VEM: Virtual Ethernet Module
And this is like the Ethernet module of the physical switch but the difference here is in each ESXi host there will be a VEM that communicate and controlled by the VSM , VEM replaces the ESXi Vswitch, provide each VM with a dedicated port
With physical switch there is a backplane cross bar normally used for communications between the modules within this virtualized switching there is no backplane crossbar but it uses same backplane protocol in N7K and MDS switches called AIPC which is used for communications between the VEM and VSM these communications can be done either in:
The most commonly used approach is the L2 connectivity where three type of VLANs have to be created Management, Control and data VLANs:
Earlier in this document several concepts and methodologies of virtualized switching and networking have been described with more focus on Cisco Nexus 1000v vDS switch. Before we discuss how this virtual network world can connect to the physical Data center Network world we need to understand in a high level what Cisco unified computing system UCS can offer to this virtualized environment from networking point of view as this document focus on the network part only.
Cisco UCS offer many features, functions and capabilities that boost the virtualized infrastructures deployments and make it more scalable and manageable from the physical layer ( power and cabling with the unified I/O ) up to the application layer UCSM and Layer 8 user experience
For more information about Cisco UCS please refer to the bellow link:
In a high level cisco UCS component are as shown below:
For more details see the bellow link
The bellow figure shows a typical Physical connectivity of Cisco UCS platform:
Although this physical connectivity look standard but based on the NIC card used in the UCS platform the vNetwrking logical connectivity will be different in conjunction with Cisco N1K vDS as a virtualized switch . Cisco UCS offer different type of NIC that can be used and each has different capabilities which can be selected based on the network design requirements:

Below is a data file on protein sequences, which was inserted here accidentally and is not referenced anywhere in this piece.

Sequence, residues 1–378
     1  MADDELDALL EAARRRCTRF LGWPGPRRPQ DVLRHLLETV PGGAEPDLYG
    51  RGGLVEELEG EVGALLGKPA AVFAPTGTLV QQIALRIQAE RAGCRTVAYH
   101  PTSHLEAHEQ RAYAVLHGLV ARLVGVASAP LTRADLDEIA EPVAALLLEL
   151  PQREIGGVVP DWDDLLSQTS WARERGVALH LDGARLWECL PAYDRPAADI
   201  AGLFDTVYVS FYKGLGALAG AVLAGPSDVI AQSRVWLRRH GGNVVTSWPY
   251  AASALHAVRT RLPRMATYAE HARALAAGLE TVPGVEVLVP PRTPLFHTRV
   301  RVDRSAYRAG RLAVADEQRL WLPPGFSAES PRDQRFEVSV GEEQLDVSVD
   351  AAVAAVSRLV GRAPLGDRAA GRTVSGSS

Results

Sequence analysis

Optimized for virtualization, up to 58 dynamic, programmable Ethernet and Fibre Channel interfaces, Hardware- and/or software-enabled Cisco VN-Link capability
How the M81KR virtualized adapter integrates with rest of the UCS system and what are its benefits
Total of 4 fixed interfaces 2 Ethernet and 2 Fibre Channel, Software-enabled Cisco VN-Link capability
Ideal for efficient, high-performance Ethernet, Total of 2 fixed Ethernet interfaces, Software-enabled Cisco VN-Link capability
The bellow figure shows the logical architecture of the cisco virtualized interface VIC:
as mentioned above using different NIC can lead to different vNetorking approach in general there are two main approaches forwarding/siwthcing in hardware or in software where the hardware one must utilize the Cisco VIC to provide virtual NICs (vNICs) per VM
the bellow figure is taken from Cisco Live 2011 ( end to end Data Center virtulization ) which describe and summarise the whole concept:
As shown in the figure above the VN-link in hardware can provide better performance and management as the management will be via the UCSM and vCenter as the VSM will not be part of the solution and that mean any aggregation or NIC teaming has to managed and aligned between VMware Vcenter and UCSM
While the software vn-link is just uses the entire concpets of VSM with VEM described earler in this document and al of the Networking configurations and Admin is done via N1K VMS CLI including the pining and links aggregation.
For more details please see the bellow links:
Best Practices in Deploying Cisco Nexus 1000V Series Switches on Cisco UCS B and C Series Cisco UCS Manager Servers
Cisco Nexus 1000V Series Switches Deployment Guide
As described above if the N1K going to be used with VSM for vNetwokring ( vNetwiorking in software ) the all of the configurations of the uplinks, link aggregation and pining have to be done using VSM CLI. Just like any physical access switch the design and configurations are dependant on the aggregation layer switchs and how these switches have been designed such as aggregated/clustered with some sort of virtualizations concepts such as vPC or VSS as this will affect the way of designing N1K uplinks